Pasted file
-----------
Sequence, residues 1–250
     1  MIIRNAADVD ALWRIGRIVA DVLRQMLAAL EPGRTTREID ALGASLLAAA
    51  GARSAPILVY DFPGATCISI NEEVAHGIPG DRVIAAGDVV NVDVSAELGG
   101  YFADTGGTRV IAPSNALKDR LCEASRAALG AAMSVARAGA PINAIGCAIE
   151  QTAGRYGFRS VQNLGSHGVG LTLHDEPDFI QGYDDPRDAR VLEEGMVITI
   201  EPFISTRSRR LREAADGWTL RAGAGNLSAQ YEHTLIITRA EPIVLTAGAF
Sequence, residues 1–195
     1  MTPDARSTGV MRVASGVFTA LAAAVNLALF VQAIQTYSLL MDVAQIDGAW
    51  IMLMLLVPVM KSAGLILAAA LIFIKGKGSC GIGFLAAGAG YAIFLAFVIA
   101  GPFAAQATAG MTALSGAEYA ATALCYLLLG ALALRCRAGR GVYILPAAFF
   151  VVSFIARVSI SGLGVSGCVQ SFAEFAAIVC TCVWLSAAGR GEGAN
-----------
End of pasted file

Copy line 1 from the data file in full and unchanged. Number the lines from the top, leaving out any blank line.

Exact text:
Sequence, residues 1–250